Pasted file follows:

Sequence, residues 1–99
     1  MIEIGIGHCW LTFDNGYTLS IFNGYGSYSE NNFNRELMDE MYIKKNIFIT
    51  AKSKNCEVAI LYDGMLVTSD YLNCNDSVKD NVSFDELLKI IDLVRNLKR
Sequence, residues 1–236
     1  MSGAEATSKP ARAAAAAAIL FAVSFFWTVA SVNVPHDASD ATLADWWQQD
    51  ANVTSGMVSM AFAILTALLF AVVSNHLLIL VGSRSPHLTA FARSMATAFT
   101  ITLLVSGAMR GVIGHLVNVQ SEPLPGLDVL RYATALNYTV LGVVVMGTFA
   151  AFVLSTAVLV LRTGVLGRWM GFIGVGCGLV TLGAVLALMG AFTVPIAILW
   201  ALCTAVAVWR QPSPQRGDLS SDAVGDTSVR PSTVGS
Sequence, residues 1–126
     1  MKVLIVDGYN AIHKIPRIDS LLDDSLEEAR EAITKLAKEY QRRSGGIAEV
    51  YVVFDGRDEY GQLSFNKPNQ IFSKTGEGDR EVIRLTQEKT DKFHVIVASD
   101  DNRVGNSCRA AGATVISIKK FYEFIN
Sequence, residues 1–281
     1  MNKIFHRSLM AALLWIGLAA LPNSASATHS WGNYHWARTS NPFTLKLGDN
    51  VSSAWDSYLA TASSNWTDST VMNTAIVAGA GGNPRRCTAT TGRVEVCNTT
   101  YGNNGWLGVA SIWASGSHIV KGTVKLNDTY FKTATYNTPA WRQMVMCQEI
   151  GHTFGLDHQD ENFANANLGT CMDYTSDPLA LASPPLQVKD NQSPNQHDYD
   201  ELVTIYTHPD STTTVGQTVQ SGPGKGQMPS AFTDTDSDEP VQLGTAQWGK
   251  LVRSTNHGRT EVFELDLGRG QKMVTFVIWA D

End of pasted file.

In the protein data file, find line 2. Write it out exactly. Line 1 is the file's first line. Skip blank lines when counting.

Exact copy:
     1  MIEIGIGHCW LTFDNGYTLS IFNGYGSYSE NNFNRELMDE MYIKKNIFIT